It’s important not to overcook lean wild game meat. It gets tougher as you cook it. With these thin strips it doesn’t take long to cook, so make sure your vegetables are ready to eat the same time the venison kabobs are.
Start by pre-heating your grill to a high temperature. Then turn down the heat to about half way. Put your venison kabobs on the grill directly over medium flame and close the grill for three minutes or so. Turn them all over and close the grill again for another three minutes. If they aren’t done by then, you can just watch and turn with the lid open for the remaining time until they look like you want them to.
How long to cook the vegetable skewers? Until you and your guests like the way they look! You can eat them raw safely, so “doneness” is an individual thing. The softer vegetables don’t take long to get hot and take on that grilled look and flavor. Experiment!
Remember there is no exact science to grilling and no wrong way to do it, unless you burn it beyond palatability. (Our dog doesn’t mind!) Just prepare extra meat for a mistake or two, and then make the correction. Besides, any extras leftover from the grill party are always welcome the next day.
Here’s one version of Venison Kabobs. The variations are endless!
Cut meat into thin strips as described above and put in a bowl with enough marinade to cover it all. Stir and toss to cover each piece with marinade.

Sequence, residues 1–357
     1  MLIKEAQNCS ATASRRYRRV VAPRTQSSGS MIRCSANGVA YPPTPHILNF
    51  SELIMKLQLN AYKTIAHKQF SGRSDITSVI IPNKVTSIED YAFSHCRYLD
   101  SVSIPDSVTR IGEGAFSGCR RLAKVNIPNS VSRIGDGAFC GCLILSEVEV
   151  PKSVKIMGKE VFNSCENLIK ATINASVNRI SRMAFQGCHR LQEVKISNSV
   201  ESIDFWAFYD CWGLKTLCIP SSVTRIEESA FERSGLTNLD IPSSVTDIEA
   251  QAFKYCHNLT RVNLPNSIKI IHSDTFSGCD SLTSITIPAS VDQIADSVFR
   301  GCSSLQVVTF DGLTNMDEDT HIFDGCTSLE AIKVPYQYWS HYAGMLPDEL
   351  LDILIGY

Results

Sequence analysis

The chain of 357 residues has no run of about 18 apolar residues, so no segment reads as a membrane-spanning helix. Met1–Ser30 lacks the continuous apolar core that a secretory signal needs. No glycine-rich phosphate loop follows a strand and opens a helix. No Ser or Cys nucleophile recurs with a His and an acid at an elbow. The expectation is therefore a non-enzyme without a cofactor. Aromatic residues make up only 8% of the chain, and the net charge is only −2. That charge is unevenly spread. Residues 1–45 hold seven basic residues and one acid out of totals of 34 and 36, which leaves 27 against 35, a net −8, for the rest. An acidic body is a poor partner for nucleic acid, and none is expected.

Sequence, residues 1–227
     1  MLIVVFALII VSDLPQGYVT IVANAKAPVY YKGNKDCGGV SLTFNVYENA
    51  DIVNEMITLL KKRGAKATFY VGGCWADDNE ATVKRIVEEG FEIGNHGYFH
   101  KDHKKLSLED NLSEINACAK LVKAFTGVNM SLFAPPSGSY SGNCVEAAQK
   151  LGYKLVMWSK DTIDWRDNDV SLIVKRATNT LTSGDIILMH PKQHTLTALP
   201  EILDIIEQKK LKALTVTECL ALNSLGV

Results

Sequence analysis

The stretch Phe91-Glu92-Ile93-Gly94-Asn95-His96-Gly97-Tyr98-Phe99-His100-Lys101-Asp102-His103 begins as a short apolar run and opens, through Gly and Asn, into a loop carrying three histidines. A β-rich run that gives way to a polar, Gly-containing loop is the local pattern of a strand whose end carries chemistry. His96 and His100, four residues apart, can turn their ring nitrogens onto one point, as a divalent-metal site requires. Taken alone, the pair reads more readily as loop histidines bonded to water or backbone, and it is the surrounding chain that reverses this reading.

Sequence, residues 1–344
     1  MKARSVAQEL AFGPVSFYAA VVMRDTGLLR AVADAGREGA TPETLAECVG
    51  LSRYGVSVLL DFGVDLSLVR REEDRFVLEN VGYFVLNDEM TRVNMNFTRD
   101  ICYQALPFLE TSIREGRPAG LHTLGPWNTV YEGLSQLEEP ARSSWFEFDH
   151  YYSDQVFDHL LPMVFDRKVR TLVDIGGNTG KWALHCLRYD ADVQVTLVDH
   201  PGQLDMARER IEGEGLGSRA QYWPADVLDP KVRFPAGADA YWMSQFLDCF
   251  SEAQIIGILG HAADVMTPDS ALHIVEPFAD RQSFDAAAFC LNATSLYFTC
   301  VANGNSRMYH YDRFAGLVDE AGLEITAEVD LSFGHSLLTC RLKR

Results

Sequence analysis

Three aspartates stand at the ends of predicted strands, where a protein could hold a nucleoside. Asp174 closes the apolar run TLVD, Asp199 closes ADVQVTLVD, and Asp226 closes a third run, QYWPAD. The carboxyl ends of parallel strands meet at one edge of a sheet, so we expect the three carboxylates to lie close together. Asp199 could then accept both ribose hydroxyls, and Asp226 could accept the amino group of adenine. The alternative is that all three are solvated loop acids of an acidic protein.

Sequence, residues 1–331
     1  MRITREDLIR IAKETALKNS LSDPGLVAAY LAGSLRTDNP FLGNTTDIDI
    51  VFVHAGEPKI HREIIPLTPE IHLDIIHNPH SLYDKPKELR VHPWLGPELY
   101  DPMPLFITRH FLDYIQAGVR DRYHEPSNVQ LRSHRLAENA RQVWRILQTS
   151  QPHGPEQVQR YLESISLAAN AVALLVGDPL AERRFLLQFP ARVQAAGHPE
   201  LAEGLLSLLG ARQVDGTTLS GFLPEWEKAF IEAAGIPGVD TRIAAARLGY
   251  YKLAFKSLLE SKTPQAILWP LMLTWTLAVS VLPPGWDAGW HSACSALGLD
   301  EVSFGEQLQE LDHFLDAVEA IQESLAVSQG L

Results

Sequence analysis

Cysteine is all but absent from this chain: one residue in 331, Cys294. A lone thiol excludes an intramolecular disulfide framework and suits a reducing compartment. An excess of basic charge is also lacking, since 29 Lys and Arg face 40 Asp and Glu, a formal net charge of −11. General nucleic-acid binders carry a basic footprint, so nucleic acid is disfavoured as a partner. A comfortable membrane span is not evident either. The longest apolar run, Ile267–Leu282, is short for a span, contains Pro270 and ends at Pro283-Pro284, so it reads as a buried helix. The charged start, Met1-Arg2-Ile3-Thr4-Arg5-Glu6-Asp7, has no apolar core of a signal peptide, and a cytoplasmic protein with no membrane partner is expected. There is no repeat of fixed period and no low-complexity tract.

(Save ½ cup of marinade aside for basting)
¾ cup Worcestershire
¾ cup Wishbone Italian dressing
1 Tablespoon, or so of minced garlic
Sprinkle of black pepper to taste
A sprinkle or two of Cayenne pepper, if desired
2 Tablespoons of honey
(Sprinkle sesame seeds on venison kabobs right before grilling)
While the meat strips are marinating pre-heat your grill to about 500 degrees. When you’re ready to grill turn down the flame to medium. If you use coals, spread them out once they get hot to reduce the heat a bit.
Sprinkle the skewered venison kabobs with sesame seeds right before you put them on the grill. Close the lid and let them cook for about three minutes. Turn them over with meat tongs, marinate with the marinade you set aside and cook for another three minutes or so with the lid closed.
Finish the cooking process with the lid open so you can watch it. Occasionally baste venison kabobs with remaining marinade. Serve immediately when done along with the skewered veggies.
If you decide to grill your vegetables on separate skewers, put them on the other side of the grill so you can control the heat to match the timing of the doneness of the venison kabobs. Try sliced yellow squash, wedges of green peppers, mushrooms, black olives, and red onions. You might have to lay your onion in rings on top of the cooking skewers, if they won’t stay on the stick. It depends on how you like to cut them.
Try bathing the vegetable chunks with Italian seasoning to add some flavor pizzazz. Try any kind of vegetables, even tomatoes! Cherry or grape tomatoes work well on skewers. Experiment with different dressings or dry seasonings.
Try grilling some corn in the husks. Pull back the husks and remove the silk, then pull the husks back down over the cob before placing them on the cooler sides of the grill.
Any vegetable you can stab with a skewer can go well with your venison kabobs!